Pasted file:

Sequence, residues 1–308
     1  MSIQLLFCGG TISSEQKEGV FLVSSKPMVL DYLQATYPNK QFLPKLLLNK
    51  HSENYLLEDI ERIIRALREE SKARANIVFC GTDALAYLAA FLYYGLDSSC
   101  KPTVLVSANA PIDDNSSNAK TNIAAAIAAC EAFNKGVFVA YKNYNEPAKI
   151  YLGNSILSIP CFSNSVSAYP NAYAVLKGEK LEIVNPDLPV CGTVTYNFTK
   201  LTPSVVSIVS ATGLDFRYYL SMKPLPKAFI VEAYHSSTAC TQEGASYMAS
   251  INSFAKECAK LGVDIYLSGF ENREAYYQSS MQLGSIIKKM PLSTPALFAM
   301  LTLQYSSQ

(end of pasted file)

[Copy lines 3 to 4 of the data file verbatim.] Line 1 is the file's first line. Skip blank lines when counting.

    51  HSENYLLEDI ERIIRALREE SKARANIVFC GTDALAYLAA FLYYGLDSSC
   101  KPTVLVSANA PIDDNSSNAK TNIAAAIAAC EAFNKGVFVA YKNYNEPAKI